The Secret to Future Success at Liverpool Football Club: Patience

As the year 2012 came to an end, the similarities between Liverpool’s current campaign and that of Roy Hodgson’s in 2010 are undeniable on paper. Sitting mid table – and a staggering 21 points behind bitter rivals Manchester United – Liverpool have earned a mere 31 points under Brendan Rodgers and are only 9 points ahead of the hugely disappointing Hodgson reign that mercifully ended just after the new year.

I attended my first ever Liverpool match four days before 2011 began to painfully witness firsthand one of the lowest points of Liverpool Football Club in recent memory: a 1-0 defeat at Anfield to the lowly Wolverhampton Wanderers that saw Liverpool end the calendar year with an unfathomable 22 points in the league.

Following the loss, there was an undeniable sense of anger and frustration around the grounds, not just from the humiliating defeat, but the way the twenty League matches played in 2010 seemed to be perfectly – and depressingly – summed up by one stunning home defeat. The Liverpool fans I spoke with following the loss were shocked: utter disappointment was coupled with fuming rants of how Hodgson had destroyed the once almighty Reds, and simply had to go.

In the end, as we know, those fans got their wish, and Hodgson was sacked shortly after the New Year resumed.

However, after an ultimately fruitless gap year under former Liverpool manager and player Kenny Dalglish (despite winning the less-than-impressive Carling Cup), Liverpool’s American owners felt compelled to bring in a new manager; a “visionary leader” to restore Liverpool to its dominance and relevance in English and European football. But two years after the dismissal of the reviled Hodgson, Liverpool find themselves an uninspiring nine points better off under Rodgers than Hodgson at the start of the new calendar year.

So to the ultimate question on the minds of every Liverpool supporter in the world: is Brendan Rodgers the right man for the difficult task of making Liverpool FC a dominant football club again? The answer, as agonizing as it is, seems to lie with the current league leaders: Manchester United.

The similarities between the early Alex Ferguson and Brendan Rodgers are intriguing. Both managers enjoyed brief successes at so-called lesser clubs before joining their respective EPL sides. Ferguson had led Aberdeen to three league cups and four Scottish cups, and gained substantial respect for uprooting the duopoly of Celtic and Rangers that had existed in Scotland for the previous fifteen seasons. Rodgers on the other hand, led Swansea City to a third place finish and became the first Welsh side ever to gain promotion into the English Premier League. And despite projections of immediate relegation from analysts, the newly promoted Swans finished eleventh in 2012 and currently sit in ninth place in the EPL.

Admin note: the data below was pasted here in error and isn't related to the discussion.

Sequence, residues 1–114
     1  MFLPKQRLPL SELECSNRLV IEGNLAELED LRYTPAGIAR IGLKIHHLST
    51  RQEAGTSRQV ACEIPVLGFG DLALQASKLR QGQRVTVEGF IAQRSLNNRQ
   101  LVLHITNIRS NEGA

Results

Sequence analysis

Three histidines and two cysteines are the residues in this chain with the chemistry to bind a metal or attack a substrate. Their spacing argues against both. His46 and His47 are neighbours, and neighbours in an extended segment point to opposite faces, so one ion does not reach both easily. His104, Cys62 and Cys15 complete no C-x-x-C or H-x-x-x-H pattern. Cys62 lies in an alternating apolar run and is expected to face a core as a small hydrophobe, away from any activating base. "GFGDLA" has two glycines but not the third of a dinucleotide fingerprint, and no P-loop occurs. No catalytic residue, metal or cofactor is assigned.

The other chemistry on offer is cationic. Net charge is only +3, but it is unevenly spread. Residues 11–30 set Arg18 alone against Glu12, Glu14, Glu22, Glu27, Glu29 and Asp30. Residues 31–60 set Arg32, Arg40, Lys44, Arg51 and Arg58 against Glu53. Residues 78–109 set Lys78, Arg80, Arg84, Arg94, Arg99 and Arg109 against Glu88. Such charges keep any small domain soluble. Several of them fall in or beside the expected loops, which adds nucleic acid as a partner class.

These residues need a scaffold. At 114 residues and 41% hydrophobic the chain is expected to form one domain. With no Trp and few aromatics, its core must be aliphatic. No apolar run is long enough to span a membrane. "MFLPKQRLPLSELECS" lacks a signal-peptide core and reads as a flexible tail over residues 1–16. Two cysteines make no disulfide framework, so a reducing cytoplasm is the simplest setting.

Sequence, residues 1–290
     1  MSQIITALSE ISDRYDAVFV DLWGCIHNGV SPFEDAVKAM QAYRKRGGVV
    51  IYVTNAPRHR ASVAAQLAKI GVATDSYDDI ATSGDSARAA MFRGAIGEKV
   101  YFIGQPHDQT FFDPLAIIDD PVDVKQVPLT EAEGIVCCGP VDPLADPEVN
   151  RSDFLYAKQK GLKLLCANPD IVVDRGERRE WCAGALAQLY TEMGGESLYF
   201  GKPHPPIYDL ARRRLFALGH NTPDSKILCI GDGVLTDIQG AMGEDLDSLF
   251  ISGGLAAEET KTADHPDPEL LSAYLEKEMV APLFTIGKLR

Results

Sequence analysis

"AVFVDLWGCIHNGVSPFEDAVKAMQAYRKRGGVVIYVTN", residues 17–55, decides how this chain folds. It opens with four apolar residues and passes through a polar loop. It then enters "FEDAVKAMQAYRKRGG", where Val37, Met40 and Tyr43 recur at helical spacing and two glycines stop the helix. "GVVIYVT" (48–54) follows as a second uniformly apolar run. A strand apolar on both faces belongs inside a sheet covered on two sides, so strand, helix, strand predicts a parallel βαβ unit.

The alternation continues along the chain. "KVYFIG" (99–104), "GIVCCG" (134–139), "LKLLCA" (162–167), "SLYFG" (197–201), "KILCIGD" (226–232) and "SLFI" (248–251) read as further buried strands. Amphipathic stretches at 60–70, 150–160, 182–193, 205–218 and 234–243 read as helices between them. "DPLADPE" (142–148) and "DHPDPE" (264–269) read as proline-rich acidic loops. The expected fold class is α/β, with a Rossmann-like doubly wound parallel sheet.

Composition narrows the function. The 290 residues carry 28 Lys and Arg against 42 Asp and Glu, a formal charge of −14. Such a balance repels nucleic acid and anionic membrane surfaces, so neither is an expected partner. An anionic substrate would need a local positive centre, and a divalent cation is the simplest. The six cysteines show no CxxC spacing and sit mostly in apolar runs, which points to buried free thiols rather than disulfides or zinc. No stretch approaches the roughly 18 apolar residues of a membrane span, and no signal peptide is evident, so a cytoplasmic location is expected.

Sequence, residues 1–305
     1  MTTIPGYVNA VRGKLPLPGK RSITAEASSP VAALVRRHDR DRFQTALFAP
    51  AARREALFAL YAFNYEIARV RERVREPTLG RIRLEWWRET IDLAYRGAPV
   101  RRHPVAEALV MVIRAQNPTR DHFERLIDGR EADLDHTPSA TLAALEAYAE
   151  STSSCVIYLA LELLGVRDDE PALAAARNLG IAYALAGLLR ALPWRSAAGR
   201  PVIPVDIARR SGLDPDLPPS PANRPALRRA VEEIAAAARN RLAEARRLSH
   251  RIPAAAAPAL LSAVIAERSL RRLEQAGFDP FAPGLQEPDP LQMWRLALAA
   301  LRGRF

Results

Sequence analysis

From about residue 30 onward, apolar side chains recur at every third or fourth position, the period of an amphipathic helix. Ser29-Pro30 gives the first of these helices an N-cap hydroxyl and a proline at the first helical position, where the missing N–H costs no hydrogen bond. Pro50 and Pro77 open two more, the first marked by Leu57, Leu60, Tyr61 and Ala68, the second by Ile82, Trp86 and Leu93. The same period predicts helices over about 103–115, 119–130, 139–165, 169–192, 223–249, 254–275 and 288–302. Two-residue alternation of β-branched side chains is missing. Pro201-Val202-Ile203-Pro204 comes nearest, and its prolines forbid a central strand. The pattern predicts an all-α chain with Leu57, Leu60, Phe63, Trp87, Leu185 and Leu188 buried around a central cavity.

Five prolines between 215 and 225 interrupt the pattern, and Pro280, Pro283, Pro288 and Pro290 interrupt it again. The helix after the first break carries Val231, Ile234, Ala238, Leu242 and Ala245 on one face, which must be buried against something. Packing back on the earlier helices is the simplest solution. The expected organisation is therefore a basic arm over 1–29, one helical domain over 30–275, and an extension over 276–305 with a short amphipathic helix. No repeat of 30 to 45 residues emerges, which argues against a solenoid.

So too are the similarities between the states of the EPL clubs when each took over. In 1986 when Ferguson first signed for United, the club was flirting with the relegation zone. In his first half-season in charge, Ferguson managed to guide the club positively into eleventh place for the 1986-87 season. But despite finishing second to Liverpool in the following season, United fell again to an underwhelming eleventh place finish in 1988-89. These inconsistencies depicted in Ferguson’s early years as manager are quite similar to the volatility and unpredictability demonstrated by Liverpool’s results under Rodgers.

But on the verge of managerial termination, the Manchester owners granted Alex Ferguson something incredibly rare in today’s result-driven football climate: time. Despite the inconsistent results, United’s board ultimately decided that more time and patience were needed for Ferguson to implement his system and tactics. The next year, United went on to win the FA Cup, and in 1993 won the League for the first time in 26 years. And this League triumph – known all too well by Liverpool supporters – has been ensued by eleven others under Sir Alex.

With 2013 upon us, Liverpool’s American owners have publicly expressed that Brendan Rodgers, similarly, will need – above all – time. He will need time to implement his tactics, his visions, and his values of hard work, commitment, and honesty into the club. But a plea for time and patience at a club as colossal as Liverpool is not an easy pitch to sell. Liverpool’s supporters are proud of the successful history and tradition they have maintained and cultivated for over a century, and the idea of rebuilding a club from the ground up is a notion that Liverpool supporters have simply not been forced to entertain. But if we consider Manchester United in the late ‘80’s – hiring a young, enthusiastic, hard-working manager in Alex Ferguson – much like Liverpool’s current young and promising manager, it seems that faith in Rodgers could yield years of success down the road for Liverpool, if the club and its supporters have the patience to allow it.

9 thoughts on “The Secret to Future Success at Liverpool Football Club: Patience”

  1. I’d argue in this age of a globalisation, all pervasive media and technology that the patience Rogers will be afforded will be far shorter than that Ferguson was given.